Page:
“We enjoyed…putting some serious thought into our landowner plans…Spring is bursting forth as I write this, our barn swallows are back and we are grateful for living in this beautiful part of Canada. Together we can make a difference!”

Conservation Action Plans and EcoTrails make Connections

The Rouge Valley Signature Site Conservation Action Plan was completed in collaboration with eight local groups.  A public launch is anticipated at our 2016 Ecosystem Recovery Forum in Toronto.  We and our partners have now completed CAPs for all 17 biodiversity hotspots in the ecoregion!

As part of Carolinian Canada’s contribution to implementing Conservation Action Plans in Chatham-Kent, we completed a detailed life science inventory, restoration plan, invasive species plan and outreach plan for the Canada South EcoTrail. The decommissioned rail corridor spans the breadth of the large municipality and provides amazing opportunities for recreation, nature appreciation and habitat restoration. Fourth-year Western University students helped research aspects of the restoration plan through their Community Engaged Learning program.

Healthy habitat actions were promoted through the Carolinian EcoTrail Network in Essex and Middlesex. Leamington Monarch EcoTrail joined our EcoTrail Network in early 2016!  The Dorchester Mill Pond EcoTail launched a Frog and Turtle revitalization program with support of the Municipality of Thames Centre and Northdale Public School students who created a large trail sign. This year, we launched a new EcoTrail Network website where you can explore partner trails, share EcoTrail stories and grow wild by taking action to green the future in your community.

Big Picture Services come to First Nations Communities

Through our Big Picture Services initiative, we conducted species at risk inventories at Chippewas of the Thames and at Kettle and Stony Point First Nations. Highlights included the discovery of endangered Prothonotary Warblers and Acadian Flycatchers, and many other rare species and habitats on well cared-for First Nation lands.

Prothonotary Warbler, Acadian Flycatcher, and Fieldwork at Chippewas of the Thames. Photos: Jarmo Jalava

Ecosystem Outreach goes International

Our Big Picture messages to restore healthy functioning ecosystems in Canada’s “Deep South” reached over 250,000 people via television, radio and social media. We gave presentations and workshops to many hundreds of stakeholders (practitioners, landowners and youth) across the Zone, as well as internationally at NatureServe’s Biodiversity Without Borders conference in Michigan.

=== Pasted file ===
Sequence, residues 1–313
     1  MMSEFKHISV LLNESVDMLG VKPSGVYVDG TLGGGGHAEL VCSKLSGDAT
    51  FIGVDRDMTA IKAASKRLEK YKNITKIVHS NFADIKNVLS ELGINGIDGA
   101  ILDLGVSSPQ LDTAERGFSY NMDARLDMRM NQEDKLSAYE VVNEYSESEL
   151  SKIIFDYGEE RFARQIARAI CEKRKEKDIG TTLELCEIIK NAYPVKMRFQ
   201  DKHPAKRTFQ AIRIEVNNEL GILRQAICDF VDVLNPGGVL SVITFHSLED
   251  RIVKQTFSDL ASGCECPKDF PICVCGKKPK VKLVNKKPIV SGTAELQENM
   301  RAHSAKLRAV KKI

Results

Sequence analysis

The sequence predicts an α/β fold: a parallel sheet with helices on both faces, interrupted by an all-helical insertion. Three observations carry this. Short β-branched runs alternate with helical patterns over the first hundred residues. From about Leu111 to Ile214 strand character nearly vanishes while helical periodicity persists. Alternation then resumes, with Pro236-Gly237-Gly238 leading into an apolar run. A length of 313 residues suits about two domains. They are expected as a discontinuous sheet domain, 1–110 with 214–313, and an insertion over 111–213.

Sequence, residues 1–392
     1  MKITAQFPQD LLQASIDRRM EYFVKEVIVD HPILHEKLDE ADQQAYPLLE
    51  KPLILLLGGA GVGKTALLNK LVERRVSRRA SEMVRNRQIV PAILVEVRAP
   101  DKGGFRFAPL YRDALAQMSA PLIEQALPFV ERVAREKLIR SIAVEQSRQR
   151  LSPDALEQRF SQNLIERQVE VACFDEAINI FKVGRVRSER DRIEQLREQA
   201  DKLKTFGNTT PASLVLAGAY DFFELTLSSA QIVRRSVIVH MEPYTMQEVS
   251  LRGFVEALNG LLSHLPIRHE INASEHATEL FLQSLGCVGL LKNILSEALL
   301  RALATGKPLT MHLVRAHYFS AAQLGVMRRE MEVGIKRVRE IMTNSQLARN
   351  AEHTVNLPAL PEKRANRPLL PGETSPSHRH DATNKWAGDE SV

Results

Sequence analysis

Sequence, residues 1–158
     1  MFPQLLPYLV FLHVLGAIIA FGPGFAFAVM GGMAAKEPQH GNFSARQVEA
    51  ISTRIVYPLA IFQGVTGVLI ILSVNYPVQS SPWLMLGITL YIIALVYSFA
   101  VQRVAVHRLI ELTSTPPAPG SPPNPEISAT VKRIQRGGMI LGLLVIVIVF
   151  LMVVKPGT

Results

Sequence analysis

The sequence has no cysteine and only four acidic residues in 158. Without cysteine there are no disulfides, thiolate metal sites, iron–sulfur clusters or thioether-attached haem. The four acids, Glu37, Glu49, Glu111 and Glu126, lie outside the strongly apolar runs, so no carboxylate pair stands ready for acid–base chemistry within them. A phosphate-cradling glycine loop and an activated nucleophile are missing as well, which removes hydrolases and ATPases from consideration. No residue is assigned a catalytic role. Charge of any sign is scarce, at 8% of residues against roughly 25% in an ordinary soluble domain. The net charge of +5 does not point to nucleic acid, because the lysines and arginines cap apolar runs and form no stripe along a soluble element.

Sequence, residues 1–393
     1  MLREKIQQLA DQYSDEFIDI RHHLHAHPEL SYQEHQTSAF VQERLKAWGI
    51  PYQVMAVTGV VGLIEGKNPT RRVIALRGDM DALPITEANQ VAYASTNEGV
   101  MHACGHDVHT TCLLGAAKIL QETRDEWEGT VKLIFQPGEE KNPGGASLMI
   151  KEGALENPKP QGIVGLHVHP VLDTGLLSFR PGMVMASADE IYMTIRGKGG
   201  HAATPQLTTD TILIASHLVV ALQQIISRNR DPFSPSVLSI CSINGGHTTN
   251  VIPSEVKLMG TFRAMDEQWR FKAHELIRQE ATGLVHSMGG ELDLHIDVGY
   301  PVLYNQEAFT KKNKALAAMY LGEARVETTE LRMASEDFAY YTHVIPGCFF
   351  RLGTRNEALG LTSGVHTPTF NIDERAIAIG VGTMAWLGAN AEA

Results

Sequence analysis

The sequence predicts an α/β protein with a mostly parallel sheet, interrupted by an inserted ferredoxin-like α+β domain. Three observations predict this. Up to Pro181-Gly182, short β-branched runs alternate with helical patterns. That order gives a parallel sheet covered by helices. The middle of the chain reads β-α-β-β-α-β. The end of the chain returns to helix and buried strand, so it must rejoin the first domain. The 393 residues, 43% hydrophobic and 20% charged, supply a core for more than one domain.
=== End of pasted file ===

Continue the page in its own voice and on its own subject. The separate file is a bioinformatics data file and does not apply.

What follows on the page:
Our Ecosystem Recovery Program informs all aspects of Carolinian Canada's work.  See more highlights in the Big Picture and how it helped raise $3,000 in Members.

It’s amazing what can be accomplished on a shoe-string!

Annual Report 2015-2016

The Green Adventure and Garden Expo

Go Wild Grow Wild was launched on April 18, 2015 with over 80 exhibitors and partners. As a first time event, the response was incredible with 1,700 attendees, 14,000 unique web visitors, 20 workshops, demos and interactive exhibits, a climbing wall, native plant sale and a hugely popular Junior Adventures program with 8 booths and workshops designed for youth.

What People Had to Say About Go Wild Grow Wild 2015!

"This show is a one-of-a-kind opportunity to engage with a very targeted audience interested in adventure and outdoor tourism"
...
“Great vendors, local interests, and target market”
...
“Great energy and enthusiastic talks”
...
“...amazing people and networking”
...
“Awesome crowd and turnout”
...
“Well targeted audience”

92% of attendees were inspired to participate in more nature-based recreation

77% of attendees want to get involved in more habitat projects

Photos: Owen Williams

Go Wild Grow Wild Stayed Strong in 2016!

Volunteer Support at GWGW 2016

GWGW experienced an overwhelming response from the community.  Volunteers across many demographics came out to support our expo.  University of Western Ontario Master’s of Environment and Sustainability Program students, East Elgin Secondary School’s Environmental Leadership Program and many keen adults from across the community assisted staff in delivering a quality expo.  A large number of our volunteers came from Catholic Central Secondary School.  Lead by two amazing teachers, Ms. Veronica Sferrazza and Dan Vanlieshout, gathered 25 students to come out for the day!!!   We are so very thankful to the dedication and support from all of our volunteers!   We look forward to working with you again!